A seller offering multiple different breeds and types of puppies for sale.
Puppies shown with a very young dam.
Puppies being shown to you one at a time, or without the dam or litter mates present.
The seller or breeder having only a superficial knowledge of the puppies they own or the breed in question.
A seller or breeder who appears uninterested in you; responsible breeders will wish to assess you and your knowledge and circumstances as deeply as you will want to assess theirs. If the seller you are visiting does not appear concerned about this, consider it a red flag.
Puppies that are caged or crated when shown to you.
A dam that does not appear to recognise or have bonded with their owner, and does not recognise their name. Few puppy farm dams and sires are genuinely named at all, although the seller may refer to the dam by a name in order to perpetuate the illusion of being a responsible, caring breeder.
How to Avoid a Puppy Farms
If you are looking to buy a full breed dog, contact the Irish Kennel Club or the UK Kennel Club for a list of responsible registered breeders. http://www.ikc.ie and www.thekennelclub.org.uk. Also consider adopting a dog as rescues often have full breed puppies too.
Be wary of classified ads on the internet and in newspapers especially those from breeders with multiple breeds for sale. Try to avoid buying from pet shops as you will have no idea of the history of the puppy.
Never buy a dog without seeing the premises where the mother and puppies are kept. Always ask to see the mother and if possible the father. Responsible breeders keep the mother and puppies well cared for so they should have nothing to hide. Farmers may bring out a decoy dog that is well looked after and groomed. Wait to see if the “mother” interacts with the puppies or feeds them (if they are really young) Watch how she acts around them. You will soon be able to tell if she is the real mother.
Don’t agree to meet at car parks, pubs etc or if they offer to deliver the pup to your home as this is common way for puppy farmers to avoid you seeing the conditions the pups have been breed in.
The breeder should want to know about you as well as they will want to ensure their puppies are going to be well cared for, if they don’t be wary. The IKC requires their members to ensure that their dogs are going to good homes and the buyer is aware of what it takes to look and care for a dog.
Kennel club registered puppies must have veterinary & kennel club papers, vaccination charts and be micro-chipped and registered on the IKC microchip database. A good breeder will want their dogs registered so be wary of breeders who offer to give you the dog without their papers for a cheaper price.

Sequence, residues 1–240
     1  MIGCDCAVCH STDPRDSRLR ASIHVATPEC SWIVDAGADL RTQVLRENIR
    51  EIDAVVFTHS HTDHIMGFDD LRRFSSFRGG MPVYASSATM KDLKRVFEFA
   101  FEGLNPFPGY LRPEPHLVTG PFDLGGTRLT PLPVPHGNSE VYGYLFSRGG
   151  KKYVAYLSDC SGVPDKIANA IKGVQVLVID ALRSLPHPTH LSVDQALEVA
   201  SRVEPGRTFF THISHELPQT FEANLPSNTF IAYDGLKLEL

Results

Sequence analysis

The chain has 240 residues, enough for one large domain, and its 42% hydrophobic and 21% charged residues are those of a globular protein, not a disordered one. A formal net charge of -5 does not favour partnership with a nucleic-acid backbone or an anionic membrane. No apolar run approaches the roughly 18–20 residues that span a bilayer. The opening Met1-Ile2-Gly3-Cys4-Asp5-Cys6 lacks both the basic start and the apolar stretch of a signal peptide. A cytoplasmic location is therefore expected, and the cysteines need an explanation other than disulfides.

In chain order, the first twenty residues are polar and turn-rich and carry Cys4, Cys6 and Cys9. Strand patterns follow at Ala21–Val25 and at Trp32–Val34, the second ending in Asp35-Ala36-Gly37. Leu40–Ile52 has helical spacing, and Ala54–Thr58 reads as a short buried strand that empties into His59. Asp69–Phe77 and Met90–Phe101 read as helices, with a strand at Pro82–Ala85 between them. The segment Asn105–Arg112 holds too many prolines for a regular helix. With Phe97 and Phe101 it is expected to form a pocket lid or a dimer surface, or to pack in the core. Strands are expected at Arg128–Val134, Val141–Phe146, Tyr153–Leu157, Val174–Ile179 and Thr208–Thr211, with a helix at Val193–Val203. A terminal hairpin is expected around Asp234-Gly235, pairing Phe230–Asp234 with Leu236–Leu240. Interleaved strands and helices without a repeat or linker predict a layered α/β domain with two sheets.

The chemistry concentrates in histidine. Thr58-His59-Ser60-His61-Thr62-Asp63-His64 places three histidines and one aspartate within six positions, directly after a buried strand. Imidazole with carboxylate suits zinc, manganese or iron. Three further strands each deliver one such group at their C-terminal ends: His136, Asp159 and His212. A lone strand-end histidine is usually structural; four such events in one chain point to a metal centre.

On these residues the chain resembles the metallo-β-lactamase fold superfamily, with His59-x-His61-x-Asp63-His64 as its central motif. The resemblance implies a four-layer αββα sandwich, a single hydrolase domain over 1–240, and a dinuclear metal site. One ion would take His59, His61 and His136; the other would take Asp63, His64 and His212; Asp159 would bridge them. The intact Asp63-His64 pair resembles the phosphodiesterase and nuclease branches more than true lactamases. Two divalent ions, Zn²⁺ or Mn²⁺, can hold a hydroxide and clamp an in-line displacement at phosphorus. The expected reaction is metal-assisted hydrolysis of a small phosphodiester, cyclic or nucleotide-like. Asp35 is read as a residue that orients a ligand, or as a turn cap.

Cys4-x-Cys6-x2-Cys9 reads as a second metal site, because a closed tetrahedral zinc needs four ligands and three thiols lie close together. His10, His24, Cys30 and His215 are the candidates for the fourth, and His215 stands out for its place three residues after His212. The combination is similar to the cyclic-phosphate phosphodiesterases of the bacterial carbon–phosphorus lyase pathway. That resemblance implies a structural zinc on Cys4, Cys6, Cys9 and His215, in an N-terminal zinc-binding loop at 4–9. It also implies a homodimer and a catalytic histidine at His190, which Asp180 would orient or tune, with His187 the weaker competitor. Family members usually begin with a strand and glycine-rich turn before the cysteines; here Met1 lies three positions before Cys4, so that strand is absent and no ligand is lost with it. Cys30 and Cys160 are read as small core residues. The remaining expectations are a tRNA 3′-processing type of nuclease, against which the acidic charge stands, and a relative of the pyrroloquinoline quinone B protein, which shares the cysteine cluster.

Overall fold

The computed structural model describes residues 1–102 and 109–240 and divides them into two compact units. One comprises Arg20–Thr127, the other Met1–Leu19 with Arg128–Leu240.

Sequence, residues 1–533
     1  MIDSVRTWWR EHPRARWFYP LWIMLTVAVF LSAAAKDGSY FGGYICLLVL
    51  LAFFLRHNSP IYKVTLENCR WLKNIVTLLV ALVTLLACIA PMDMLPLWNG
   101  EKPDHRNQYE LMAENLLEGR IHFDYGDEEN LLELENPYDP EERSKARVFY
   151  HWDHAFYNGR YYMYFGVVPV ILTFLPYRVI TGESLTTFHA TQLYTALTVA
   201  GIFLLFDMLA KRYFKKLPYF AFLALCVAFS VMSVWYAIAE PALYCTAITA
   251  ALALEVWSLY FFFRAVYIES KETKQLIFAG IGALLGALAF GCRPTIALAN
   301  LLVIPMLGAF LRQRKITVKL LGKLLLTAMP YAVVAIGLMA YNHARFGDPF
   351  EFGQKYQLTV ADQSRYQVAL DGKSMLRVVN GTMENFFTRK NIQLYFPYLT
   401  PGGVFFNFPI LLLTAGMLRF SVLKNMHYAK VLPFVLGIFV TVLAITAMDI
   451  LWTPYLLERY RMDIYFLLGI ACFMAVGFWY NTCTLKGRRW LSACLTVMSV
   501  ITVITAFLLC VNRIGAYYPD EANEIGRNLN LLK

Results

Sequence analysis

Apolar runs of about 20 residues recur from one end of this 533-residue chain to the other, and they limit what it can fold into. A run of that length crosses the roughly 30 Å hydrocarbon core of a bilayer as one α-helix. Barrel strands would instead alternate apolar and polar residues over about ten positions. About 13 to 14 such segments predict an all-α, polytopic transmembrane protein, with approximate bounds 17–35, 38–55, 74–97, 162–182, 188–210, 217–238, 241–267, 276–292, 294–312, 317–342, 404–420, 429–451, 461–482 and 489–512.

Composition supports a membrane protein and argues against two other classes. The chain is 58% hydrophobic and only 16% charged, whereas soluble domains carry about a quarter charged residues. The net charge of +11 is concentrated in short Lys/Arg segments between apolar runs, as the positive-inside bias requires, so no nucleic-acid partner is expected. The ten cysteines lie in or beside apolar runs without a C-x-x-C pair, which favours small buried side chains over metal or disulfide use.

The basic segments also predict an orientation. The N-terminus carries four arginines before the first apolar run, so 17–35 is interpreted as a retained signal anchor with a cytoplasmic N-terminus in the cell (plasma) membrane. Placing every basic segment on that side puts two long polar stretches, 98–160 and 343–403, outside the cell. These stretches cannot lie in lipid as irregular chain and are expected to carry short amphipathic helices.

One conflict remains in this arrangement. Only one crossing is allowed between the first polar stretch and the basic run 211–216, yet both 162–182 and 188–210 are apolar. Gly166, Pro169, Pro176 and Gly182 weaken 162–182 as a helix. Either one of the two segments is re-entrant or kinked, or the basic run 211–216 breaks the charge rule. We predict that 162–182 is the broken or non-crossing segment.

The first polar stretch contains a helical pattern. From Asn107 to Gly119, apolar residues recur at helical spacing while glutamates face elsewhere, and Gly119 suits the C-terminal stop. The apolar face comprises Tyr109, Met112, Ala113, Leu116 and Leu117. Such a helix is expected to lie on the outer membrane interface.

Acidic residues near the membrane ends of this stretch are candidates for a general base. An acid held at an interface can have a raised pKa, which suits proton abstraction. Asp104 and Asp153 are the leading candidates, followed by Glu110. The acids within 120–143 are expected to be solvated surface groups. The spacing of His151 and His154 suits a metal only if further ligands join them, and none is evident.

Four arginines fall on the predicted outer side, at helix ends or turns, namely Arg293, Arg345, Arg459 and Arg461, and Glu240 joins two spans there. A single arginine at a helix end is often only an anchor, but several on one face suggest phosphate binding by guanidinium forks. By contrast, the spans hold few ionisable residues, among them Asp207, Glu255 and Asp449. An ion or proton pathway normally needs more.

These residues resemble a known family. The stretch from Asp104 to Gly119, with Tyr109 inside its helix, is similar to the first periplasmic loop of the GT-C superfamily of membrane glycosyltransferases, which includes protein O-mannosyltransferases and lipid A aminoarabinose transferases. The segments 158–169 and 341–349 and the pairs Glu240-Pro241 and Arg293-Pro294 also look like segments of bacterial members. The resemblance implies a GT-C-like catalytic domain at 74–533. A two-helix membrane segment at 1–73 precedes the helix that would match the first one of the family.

You should be provided with veterinary papers and vaccinations and flea & worming information from the puppy’s vet – these may some times be forged or photocopies or originals belonging to other dogs. If it is your first time buying a dog, ask a vet or a friend to show you what the documents should look like so you can better spot a fake. Only accept original documents.
Don’t take vaccines from the breeder. Bring your puppy to your own vet for this type of medicines.
You should be provided with details on feeding, vaccinations, worming, care etc. and they should offer an aftercare service.
Don’t buy any puppy because you feel sorry for it. If the Breeder tries to guilt you in anyway, do not fall for it. Make an excuse and leave.
Try and keep as many details as possible, phone number, car registrations, addresses etc.
If you are in any doubt about the validity of a breeder, the condition of the animal or see any suspicious advertisements, contact the local SPCA as soon as possible.
What to do if you suspect that a breeder is in fact a puppy farmer:
If you have any reason to suspect that you have stumbled upon a puppy farm, interim seller or unlicensed breeder in your search for a new puppy, the first thing that you should do is walk away. The first step to take in improving things is to not buy a puppy and support puppy farms.
If you have viewed an advert in a paper, online or on Facebook/other social media report that ad right away.
Report the seller and adverts to the local authority and RSPCA.
If you directly witness cruelty, abuse, dog fighting or any other criminal activity, contact the police and the RSPCA as an emergency matter. Gather any evidence you can if it is safe to do so.
Spread the word as many people still do not know the dangers of and truth behind puppy farms.